UW Student Reports on Stormwater Planting at CUH

September 14th, 2011 by Jennifer Youngman, Communications Specialist
Rain garden at CUH

Proud students admiring their hard work planting up the rain garden.

The Arboretum has its bog garden. The Center for Urban Horticulture (CUH) has its rain garden. A new rain garden is part of a larger project designed by Berger Partnership to direct rainwater from the roofs of Merrill and Isaacson Halls to the existing roof garden, an as-yet undeveloped hillside garden, and collection bins (rain gardens). When funding is found to complete the project, the CUH will present a completely integrated water system which collects rain, delivers it to the gardens, and drains to Lake Washington.

Lisa Haglund, a recent graduate with a degree Community, Environment, and Planning  in the UW College of Built Environments, created the planting plan for the rain garden with guidance from the UW Botanic Gardens’ Dr. Kern Ewing, David Zuckerman and Barbara Selemon. In May, students from Maggie Rose’s Ingraham High School science classes prepared the site with Haglund and Patrick Mulligan, after Selemon arranged for Haglund to give a presentation on stormwater at their school. Ingraham currently has no available site for rain garden construction, so the Ingraham students’ trip to the CUH was funded through GROW, a program designed to engage high school students with the UW Botanic Gardens.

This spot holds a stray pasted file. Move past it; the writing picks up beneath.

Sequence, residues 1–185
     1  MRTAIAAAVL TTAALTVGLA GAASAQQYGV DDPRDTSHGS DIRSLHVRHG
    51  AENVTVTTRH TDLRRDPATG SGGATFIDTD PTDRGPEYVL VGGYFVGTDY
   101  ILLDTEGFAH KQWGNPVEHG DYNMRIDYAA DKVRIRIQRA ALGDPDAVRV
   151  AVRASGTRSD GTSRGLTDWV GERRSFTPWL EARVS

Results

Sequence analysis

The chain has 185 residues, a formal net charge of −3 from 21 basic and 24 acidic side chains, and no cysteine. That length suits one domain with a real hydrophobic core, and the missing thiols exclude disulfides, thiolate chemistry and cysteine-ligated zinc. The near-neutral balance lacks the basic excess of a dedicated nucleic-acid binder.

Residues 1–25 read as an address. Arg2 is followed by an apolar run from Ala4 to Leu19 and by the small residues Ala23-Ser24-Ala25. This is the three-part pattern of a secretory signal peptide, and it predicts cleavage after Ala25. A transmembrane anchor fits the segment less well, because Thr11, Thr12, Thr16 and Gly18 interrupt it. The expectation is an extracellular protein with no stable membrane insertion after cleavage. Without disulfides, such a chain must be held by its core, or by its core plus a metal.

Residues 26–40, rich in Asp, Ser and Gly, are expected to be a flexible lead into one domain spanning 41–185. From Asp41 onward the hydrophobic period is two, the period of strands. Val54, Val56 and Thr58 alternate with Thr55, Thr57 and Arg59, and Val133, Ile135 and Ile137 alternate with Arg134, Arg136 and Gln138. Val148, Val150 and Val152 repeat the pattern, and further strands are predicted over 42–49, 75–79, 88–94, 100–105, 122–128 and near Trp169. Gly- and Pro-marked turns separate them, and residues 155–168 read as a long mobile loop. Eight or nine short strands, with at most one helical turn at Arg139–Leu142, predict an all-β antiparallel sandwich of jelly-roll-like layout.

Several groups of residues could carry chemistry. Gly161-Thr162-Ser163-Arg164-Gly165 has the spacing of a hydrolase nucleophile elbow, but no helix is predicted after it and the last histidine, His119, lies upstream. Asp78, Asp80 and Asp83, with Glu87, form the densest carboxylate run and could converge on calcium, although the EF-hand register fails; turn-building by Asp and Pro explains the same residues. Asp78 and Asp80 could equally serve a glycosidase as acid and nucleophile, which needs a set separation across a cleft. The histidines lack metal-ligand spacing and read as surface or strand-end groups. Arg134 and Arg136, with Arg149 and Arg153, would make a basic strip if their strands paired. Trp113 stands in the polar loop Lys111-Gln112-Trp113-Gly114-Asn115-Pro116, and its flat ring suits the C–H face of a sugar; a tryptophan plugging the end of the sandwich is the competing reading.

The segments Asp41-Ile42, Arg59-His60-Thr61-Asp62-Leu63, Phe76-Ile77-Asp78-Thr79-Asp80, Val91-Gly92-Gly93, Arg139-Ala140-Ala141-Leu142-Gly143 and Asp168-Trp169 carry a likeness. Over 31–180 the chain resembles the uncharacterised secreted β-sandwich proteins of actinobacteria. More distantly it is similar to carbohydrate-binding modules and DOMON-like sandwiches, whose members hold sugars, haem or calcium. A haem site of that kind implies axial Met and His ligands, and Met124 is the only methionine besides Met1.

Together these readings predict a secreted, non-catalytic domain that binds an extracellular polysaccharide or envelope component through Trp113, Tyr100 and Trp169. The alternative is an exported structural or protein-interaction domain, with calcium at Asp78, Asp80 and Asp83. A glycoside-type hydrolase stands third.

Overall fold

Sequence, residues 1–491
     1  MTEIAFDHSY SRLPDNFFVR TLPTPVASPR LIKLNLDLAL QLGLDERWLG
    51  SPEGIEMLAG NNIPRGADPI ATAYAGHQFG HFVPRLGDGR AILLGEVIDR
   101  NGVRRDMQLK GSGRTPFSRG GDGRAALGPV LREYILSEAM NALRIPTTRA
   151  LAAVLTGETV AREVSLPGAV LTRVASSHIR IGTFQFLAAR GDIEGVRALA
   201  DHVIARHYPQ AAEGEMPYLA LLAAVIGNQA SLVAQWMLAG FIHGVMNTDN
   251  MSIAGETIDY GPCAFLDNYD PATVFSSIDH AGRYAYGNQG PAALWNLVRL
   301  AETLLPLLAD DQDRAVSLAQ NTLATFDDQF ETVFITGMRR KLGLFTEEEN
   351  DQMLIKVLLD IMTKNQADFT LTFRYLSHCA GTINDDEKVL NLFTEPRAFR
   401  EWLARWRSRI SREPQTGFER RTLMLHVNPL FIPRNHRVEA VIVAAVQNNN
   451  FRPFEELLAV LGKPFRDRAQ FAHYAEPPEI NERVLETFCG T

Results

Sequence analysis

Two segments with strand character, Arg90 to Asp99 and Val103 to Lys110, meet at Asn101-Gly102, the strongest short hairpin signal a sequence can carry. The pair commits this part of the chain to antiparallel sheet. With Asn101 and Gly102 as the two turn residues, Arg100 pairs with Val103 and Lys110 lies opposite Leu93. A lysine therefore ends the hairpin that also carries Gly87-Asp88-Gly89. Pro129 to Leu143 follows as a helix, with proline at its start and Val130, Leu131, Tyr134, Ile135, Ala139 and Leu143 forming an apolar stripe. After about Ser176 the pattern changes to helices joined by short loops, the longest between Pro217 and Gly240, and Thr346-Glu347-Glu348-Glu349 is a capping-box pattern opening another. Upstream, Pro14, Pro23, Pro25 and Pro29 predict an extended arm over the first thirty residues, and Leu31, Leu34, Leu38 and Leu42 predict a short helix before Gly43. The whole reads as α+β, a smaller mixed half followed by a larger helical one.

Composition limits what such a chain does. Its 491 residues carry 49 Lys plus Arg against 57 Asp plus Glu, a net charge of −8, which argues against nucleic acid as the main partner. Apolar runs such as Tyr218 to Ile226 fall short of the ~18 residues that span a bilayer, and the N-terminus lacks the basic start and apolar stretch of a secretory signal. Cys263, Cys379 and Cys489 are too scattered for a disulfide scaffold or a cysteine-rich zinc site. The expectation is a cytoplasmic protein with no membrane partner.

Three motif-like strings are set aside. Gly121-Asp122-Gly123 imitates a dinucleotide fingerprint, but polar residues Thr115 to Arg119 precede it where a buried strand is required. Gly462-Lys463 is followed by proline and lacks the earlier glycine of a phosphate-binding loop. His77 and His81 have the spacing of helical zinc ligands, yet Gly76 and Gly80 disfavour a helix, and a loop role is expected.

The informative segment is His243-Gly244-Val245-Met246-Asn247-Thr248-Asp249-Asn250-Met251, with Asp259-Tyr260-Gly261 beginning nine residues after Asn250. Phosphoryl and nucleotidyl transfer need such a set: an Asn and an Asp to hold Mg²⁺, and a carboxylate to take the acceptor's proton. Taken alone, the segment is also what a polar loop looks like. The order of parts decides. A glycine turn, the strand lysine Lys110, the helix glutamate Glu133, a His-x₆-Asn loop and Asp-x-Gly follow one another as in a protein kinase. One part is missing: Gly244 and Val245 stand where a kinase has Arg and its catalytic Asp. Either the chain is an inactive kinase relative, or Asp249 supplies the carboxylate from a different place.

Lisa describes her experience working with high school students:

From the first field trip to the last, I saw an awakening interest in plants, planting, maintenance techniques, and natural systems take root in many of these young people. Through experiential learning students gained knowledge of how plants and soils act to capture and filter out the contaminants in runoff, the value of freshwater and freshwater ecosystems, and how each of them can make a difference by implementing Low Impact Development  projects at their homes and schools.

Lisa’s complete LHaglund_Stormwater_GROWProgram with photos. Visit Lisa on LinkedIn.

 

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GROW participants visit CUH and the UW Farm

June 3rd, 2011 by Barbara Selemon

May Fieldtrips

Chickens made a big impression

The two days that GROW high school students visited CUH and
the UW Farm were full of sunshine. Students from Susan Barth’s horticulture class at Nova High School and students from Jessica Torvik’s horticulture/ecology classes were introduced to resources for their GROW projects through scheduled tours and activities. Maggie Roses’ science classes from Ingraham focused on working with Lisa